U.S. Vice President Dick Cheney arrived in Israel on Saturday in an effort to bolster the recently relaunched peace talks with the Palestinians, and vowed the U.S. would never pressure Israel to take steps that threaten its security.

"America's commitment to Israel's security is enduring and unshakable, as is Israel's right to protect itself always against terrorism, rocket attacks and other attacks from forces dedicated to Israel's destruction," Cheney said ahead of a meeting with Prime Minister Ehud Olmert.

"The United States will never pressure Israel to take steps that threaten its security," Cheney added.

He also said the United States wants to see a new beginning for the Palestinian people and is committed to pursuing Mideast peace deal.

"We want to see a resolution to the conflict, an end to the terrorism that has caused so much grief to Israelis, and a new beginning for the Palestinian people," he said.

Cheney attended a brief, non-denominational Easter service Sunday at the U.S. consulate in Jerusalem.

During the day, he planned talks with other Israeli leaders, then was to travel to the West Bank town of Ramallah for meetings with Palestinian President Mahmoud Abbas and Prime Minister Salam Fayyad.

The vice president also said on Saturday that, "we must not and will not ignore darkening shadows of the situation in Gaza, in Lebanon, in Syria and Iran, and the threats these areas pose to Israel."

Hamas spokesman Fawzi Barhoum called Cheney's comments "incitement and completely biased in favor of the Israeli occupation."

He said it "confirms the United States is a partner to Israel in its war against our people and against the Gaza Strip."

In welcoming Cheney, Olmert mentioned Iran first when outlining the subjects he planned to discuss with the vice president. Israel considers Iran to be the greatest threat to its survival, and rejects Tehran's claims that its nuclear program is not designed to produce arms.

Olmert also said Israel was "anxious to carry on the peace negotiations with the Palestinians" and was watching the behavior of Syria and of Hezbollah.

Cheney said the U.S. role was not to "dictate the outcome" of the peace talks. "Reaching the necessary agreement will require tough decisions and painful concessions by both sides but America is committed to moving the process forward," Cheney said.

On Easter Sunday, after attending a church service, Cheney will head to the West Bank for talks in Ramallah with Palestinian President Mahmoud Abbas.

He will also meet with Livni, Defense Minister Ehud Barak, President Shimon Peres and opposition leader Benjamin Netanyahu.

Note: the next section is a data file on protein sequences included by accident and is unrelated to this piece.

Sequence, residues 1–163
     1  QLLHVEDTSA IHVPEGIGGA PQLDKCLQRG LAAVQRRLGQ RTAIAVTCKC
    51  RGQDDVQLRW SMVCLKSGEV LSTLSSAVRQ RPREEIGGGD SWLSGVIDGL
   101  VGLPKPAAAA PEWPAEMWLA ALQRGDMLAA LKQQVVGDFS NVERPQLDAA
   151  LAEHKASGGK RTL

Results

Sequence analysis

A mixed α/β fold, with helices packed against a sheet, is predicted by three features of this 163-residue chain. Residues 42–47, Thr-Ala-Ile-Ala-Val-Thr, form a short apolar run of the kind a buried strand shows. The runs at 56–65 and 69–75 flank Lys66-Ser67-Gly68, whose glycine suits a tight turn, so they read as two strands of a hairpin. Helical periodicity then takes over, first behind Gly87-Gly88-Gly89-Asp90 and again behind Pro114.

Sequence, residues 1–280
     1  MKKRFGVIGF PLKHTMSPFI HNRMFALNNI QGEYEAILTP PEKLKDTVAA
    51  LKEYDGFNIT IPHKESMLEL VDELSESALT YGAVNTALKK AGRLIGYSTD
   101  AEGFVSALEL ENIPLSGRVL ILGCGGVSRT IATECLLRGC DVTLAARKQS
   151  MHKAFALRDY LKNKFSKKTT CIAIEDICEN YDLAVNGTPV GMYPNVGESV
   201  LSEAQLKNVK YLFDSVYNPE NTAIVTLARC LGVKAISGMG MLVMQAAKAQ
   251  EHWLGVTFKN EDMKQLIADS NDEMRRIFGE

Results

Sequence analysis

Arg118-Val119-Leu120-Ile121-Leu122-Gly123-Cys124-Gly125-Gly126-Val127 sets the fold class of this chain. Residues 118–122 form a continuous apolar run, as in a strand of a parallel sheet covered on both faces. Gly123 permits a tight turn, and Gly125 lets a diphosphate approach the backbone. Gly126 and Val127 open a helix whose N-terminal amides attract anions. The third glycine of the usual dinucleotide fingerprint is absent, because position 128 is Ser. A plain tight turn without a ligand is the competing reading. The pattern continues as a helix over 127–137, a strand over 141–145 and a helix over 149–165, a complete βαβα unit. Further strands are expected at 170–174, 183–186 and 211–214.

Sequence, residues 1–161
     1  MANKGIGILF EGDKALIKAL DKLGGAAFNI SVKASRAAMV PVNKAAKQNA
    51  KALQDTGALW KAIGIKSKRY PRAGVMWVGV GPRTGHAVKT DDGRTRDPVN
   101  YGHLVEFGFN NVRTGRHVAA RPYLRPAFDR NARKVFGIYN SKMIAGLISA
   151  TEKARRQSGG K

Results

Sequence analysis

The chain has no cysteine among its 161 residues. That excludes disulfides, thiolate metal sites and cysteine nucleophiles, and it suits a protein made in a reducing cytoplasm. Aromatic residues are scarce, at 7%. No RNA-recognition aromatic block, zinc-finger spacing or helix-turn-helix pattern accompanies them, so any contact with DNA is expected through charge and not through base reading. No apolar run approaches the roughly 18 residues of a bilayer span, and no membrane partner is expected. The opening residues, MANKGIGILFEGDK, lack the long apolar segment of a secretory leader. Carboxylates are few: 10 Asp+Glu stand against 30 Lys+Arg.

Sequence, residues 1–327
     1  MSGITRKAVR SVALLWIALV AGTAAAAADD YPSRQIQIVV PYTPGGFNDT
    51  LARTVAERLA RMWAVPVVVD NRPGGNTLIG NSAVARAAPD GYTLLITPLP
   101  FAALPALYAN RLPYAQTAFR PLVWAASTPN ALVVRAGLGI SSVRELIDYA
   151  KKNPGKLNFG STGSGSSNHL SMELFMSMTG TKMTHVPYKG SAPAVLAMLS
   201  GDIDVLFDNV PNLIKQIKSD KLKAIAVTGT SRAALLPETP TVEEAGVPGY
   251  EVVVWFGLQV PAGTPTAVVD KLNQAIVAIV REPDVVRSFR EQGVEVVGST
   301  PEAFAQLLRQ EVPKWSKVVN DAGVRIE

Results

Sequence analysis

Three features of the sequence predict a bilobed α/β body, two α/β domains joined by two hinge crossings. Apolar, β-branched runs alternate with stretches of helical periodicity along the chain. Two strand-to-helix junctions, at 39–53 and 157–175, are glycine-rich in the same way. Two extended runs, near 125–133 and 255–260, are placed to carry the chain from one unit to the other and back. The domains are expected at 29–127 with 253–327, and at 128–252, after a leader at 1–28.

Cheney spokeswoman Lea Ann McBride said Bush asked the vice president to visit Israel to discuss significant regional issues in advance of the president's return trip in May to mark Israel's 60th anniversary.

"The vice president's discussions will involve the ways forward in the Israeli-Palestinian peace process and Israel's right to defend itself against terrorism and protect its citizenry," she said. "The vice president also looks forward to visiting the Palestinian territories to reaffirm the president's commitment to the current efforts towards the two-state solution and efforts to strengthen Palestinian institutions."

Saudi king urges U.S. to press Israel on peace with Palestinians

On Friday, King Abdullah of Saudi Arabia urged Cheney to pressure Israel to seal a peace deal with the Palestinians before President George W. Bush leaves office in January 2009, official Saudi sources said. Cheney arrived Friday in Saudi Arabia where he met Abdullah at the king's al-Janadriya horse farm near Riyadh.

Sources said Saudi Arabia is not happy with the "slow" pace of U.S. efforts to push the Middle East peace process by putting pressure on Israel to reach a peace agreement and end the building of settlements and excavations around Al-Aqsa mosque in Jerusalem.

Abdullah and Cheney also discussed Iran's nuclear program and its growing regional influence. The king confirmed his opposition to any U.S. military strike against Iran, the sources said.

Abdullah also told Cheney that the Middle East should be free of nuclear weapons and other weapons of mass destruction. The Saudis say any nuclear non-proliferation efforts should include Israel, which many in the Arab world suspect has a secret nuclear program.

The situation in Iraq was also discussed.

The U.S. wants Saudi Arabia to step up formal ties with the Iraqis by sending an ambassador to Baghdad and encouraging visits by ministers and officials.

Washington wants to see its Arab allies, such as Riyadh and Cairo, upgrade ties with Baghdad as a way of containing Iran's fledgling influence in Iraq, according to U.S. and Arab officials.

Saudi diplomats visited Baghdad at the end of last year to explore the possibility of opening an embassy there.

Washington and Riyadh disagree over the Iraqi government led by Shiite Prime Minister Nuri al-Maliki, with Saudis saying al-Maliki is not doing enough to promote reconciliation between the country's Shiite and Sunni Arabs and is giving Iran a chance to deepen its foothold in Iraq.

The political standoff in Lebanon, resulting from the failure of its parliament to elect a president, was also discussed at the talks. The Saudis are key players in Lebanon with financial muscle and political influence on some factions there.

Spiraling oil prices were on the agenda in talks, with both countries agreeing on restoring the balance in oil markets.

The U.S. has called for the Organization of Petroleum Exporting Countries (OPEC) to increase the output to curb spiraling prices, but OPEC, of which Saudi Arabia is the biggest producer, has refused to heed the calls.

Cheney has asked the king to press the organization for an output increase to ease pressures on the U.S. economy, according to sources at the U.S. embassy in Riyadh.

In an official ceremony, Abdullah presented Cheney with the country's highest honor.